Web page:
The body has an innate ability to heal itself. In a world that's always in a rush and looking for quick fixes, we hinder the amazing healing ability of our own body. Suppressing symptoms with pharmaceuticals, we ignore causes foregoing our body's own ability to heal itself.
Stress, poor diets, and compromised digestive processes all disrupt our body's natural rhythms and energies; eventually our health suffers. Reflexology is an all natural, drug free approach to reviving the body's own healing abilities and resetting homeostasis (the body's equilibrium).
Reflexology, originally called zone therapy, is an ancient healing practice that restores the body's equilibrium by stimulating reflex points on the feet, hands, and even the ears. Based on the theory that the body contains an energy field, or Qi, and the blockage of this force compromises health and prevents healing, reflexology restores natural energy flow by stimulating the nerves.
Pressure on certain points sends signals that balance the nervous system, induce circulation, and release chemicals, like endorphins, opening up energy flow or Qi.
Reflexology is a complementary therapy often used in conjunction with other treatments and is not to be a replacement for consulting a qualified medical practitioner regarding serious illness.
This "pressure therapy" is performed by massaging, squeezing, or pushing parts of the foot, hand, or ear. Specific techniques using the thumb, fingers, and hands are utilized.
An Ancient Form of Healing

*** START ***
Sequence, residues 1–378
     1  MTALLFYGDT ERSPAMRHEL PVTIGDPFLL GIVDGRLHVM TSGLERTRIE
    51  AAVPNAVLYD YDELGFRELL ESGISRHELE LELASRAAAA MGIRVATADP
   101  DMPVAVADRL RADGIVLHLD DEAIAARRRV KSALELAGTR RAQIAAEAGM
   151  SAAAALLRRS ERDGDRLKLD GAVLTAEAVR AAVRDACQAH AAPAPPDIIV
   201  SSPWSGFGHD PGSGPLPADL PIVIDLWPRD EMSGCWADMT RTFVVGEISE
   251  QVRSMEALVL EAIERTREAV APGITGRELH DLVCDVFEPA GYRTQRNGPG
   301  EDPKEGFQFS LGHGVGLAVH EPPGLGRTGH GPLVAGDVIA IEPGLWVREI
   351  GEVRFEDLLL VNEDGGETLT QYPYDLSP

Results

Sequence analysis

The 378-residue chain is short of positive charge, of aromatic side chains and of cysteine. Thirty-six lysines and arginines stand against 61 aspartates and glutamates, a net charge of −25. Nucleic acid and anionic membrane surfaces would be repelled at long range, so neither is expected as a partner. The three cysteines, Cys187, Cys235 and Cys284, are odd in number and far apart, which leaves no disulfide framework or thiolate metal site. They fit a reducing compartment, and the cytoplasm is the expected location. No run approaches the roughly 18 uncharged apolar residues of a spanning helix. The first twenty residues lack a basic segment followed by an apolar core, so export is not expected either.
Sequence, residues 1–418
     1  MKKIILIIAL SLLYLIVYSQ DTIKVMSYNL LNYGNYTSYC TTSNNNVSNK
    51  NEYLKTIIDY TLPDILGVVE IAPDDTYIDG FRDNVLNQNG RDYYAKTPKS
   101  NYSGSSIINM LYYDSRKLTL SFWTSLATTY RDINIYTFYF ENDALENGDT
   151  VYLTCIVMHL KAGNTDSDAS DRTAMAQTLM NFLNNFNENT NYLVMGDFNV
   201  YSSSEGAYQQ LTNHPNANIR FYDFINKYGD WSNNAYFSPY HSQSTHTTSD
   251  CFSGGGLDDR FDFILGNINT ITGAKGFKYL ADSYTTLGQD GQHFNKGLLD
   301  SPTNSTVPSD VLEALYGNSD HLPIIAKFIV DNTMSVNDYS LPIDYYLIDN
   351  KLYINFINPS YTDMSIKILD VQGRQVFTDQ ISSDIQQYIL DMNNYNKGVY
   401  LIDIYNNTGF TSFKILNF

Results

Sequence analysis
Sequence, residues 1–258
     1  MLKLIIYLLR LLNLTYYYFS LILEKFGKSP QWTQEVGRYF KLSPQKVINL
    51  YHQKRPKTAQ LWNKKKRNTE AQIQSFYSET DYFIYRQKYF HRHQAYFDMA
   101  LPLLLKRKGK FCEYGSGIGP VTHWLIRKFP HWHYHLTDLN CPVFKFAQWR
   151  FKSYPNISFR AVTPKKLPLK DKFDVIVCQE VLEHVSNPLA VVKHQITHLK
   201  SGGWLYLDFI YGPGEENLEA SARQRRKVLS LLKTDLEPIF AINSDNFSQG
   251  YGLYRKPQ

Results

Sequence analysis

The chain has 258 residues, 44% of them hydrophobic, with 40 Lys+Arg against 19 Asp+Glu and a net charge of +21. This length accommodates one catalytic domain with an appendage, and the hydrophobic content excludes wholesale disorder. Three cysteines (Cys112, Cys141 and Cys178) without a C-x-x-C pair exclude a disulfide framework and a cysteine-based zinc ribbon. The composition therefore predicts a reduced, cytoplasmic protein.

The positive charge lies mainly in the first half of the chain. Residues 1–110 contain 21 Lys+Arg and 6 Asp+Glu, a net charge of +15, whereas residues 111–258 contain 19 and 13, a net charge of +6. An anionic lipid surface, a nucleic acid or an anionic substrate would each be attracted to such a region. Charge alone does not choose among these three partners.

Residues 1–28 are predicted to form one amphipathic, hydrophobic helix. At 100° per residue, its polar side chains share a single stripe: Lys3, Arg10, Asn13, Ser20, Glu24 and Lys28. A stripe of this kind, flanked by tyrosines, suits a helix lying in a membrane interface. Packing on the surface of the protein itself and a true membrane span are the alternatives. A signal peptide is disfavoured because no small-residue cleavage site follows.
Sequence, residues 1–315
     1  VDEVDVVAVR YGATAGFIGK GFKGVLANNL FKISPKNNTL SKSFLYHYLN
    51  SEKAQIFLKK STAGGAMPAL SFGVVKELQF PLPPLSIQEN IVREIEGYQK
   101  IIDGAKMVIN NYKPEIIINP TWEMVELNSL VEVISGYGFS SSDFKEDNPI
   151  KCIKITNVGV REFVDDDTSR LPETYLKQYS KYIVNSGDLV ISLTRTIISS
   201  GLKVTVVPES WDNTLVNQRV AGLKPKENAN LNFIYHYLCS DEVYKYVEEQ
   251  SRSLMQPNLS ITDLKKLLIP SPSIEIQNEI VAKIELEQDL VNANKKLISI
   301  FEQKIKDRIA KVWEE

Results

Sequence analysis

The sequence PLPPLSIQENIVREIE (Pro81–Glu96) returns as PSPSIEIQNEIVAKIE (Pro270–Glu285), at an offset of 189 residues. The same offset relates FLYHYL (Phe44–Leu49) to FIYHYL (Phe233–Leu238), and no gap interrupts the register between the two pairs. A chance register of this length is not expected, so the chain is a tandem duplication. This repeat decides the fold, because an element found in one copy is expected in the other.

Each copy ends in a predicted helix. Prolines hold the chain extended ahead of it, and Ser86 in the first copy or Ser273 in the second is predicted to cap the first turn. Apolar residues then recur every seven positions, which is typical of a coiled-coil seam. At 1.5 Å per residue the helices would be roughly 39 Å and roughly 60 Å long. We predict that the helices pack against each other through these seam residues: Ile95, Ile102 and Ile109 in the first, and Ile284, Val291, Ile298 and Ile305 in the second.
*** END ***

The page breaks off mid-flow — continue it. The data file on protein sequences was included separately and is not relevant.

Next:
Reflexology dates back to ancient India, Egypt, and China. Archeological evidence found at the tomb of Ankhmahor (The Physician's Tomb), an ancient Egyptian physician, reveals inscriptions and drawings showing men engaged in foot and hand manipulations.
Reflexology, or as it was called, Zone Therapy, was first introduced to the United States in 1913 by William H. Fitzgerald, M.D., an Ear, Nose, and Throat Specialist who worked at the Boston City Hospital. Fitzgerald claimed that applying pressure to the feet, hands, and ears had an anesthetic effect on other areas of the body.
Dr. Fitzgerald discovered that placing pressure on zones not only relieved pain, but in the majority of cases also relieved the underlying causes.
Zone Therapy Evolves Into Reflexology
Zone Therapy was further developed in the 1930's when Eunice D. Ingham, a nurse and physiotherapist, explored the field. After extensive research and hundreds of case studies she claimed that hands and feet were especially sensitive to this pressure. It was at this time that Zone Therapy became known as reflexology.
Ingham went on to map the entire body into "reflexes" on the feet. This graphical foot mapping is known as a foot reflexology chart. The reflexes mapped on the feet correspond to specific organs, glands, and other parts of the body. Reflexes on the feet are an exact mirror image of organs of the body.
For example: Tips of the toes = head; ball of foot = heart and chest; arch of the foot = liver, pancreas, and kidney; heel = lower back and intestines. Extensive charts show details of exactly which spots relate to each specific body part.
Lungs, adrenal glands, colon, fallopian tubes, lymph glands, sciatic nerve, and more body parts have specific points on the foot. Pressure and reflexology foot massage on targeted areas stimulates the movement of Qi, circulation, and nerve activation to equivalent body zones and relieves problems in those locations.